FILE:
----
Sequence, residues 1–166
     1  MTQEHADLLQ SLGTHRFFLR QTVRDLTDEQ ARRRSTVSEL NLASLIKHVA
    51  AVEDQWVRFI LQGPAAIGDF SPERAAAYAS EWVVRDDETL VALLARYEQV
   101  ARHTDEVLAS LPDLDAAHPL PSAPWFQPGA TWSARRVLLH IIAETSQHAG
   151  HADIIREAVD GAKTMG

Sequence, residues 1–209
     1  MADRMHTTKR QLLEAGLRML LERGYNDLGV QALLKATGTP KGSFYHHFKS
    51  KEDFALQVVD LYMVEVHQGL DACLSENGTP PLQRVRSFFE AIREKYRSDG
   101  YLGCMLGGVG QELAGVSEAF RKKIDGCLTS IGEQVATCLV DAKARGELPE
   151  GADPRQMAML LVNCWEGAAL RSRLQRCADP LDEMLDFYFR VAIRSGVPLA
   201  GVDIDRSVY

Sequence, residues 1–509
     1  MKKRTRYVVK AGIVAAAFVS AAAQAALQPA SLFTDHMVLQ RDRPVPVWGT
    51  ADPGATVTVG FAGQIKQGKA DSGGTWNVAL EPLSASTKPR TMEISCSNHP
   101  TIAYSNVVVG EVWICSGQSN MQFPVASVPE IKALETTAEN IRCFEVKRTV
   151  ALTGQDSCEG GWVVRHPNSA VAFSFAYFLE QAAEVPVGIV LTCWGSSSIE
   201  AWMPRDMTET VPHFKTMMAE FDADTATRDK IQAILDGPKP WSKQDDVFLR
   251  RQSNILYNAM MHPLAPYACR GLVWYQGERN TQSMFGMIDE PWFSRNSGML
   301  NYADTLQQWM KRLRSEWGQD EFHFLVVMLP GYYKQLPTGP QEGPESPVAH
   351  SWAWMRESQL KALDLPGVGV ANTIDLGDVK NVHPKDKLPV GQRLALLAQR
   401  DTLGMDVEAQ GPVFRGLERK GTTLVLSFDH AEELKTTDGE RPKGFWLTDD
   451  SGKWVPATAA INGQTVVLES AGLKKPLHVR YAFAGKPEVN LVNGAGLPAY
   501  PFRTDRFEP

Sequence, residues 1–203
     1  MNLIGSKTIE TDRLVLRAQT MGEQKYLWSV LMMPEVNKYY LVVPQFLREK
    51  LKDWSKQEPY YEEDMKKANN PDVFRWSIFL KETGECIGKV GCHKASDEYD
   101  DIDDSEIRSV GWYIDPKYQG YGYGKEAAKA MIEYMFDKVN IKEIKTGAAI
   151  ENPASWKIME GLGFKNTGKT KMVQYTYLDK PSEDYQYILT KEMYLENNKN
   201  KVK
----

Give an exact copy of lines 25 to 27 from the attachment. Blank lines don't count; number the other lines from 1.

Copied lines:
     1  MNLIGSKTIE TDRLVLRAQT MGEQKYLWSV LMMPEVNKYY LVVPQFLREK
    51  LKDWSKQEPY YEEDMKKANN PDVFRWSIFL KETGECIGKV GCHKASDEYD
   101  DIDDSEIRSV GWYIDPKYQG YGYGKEAAKA MIEYMFDKVN IKEIKTGAAI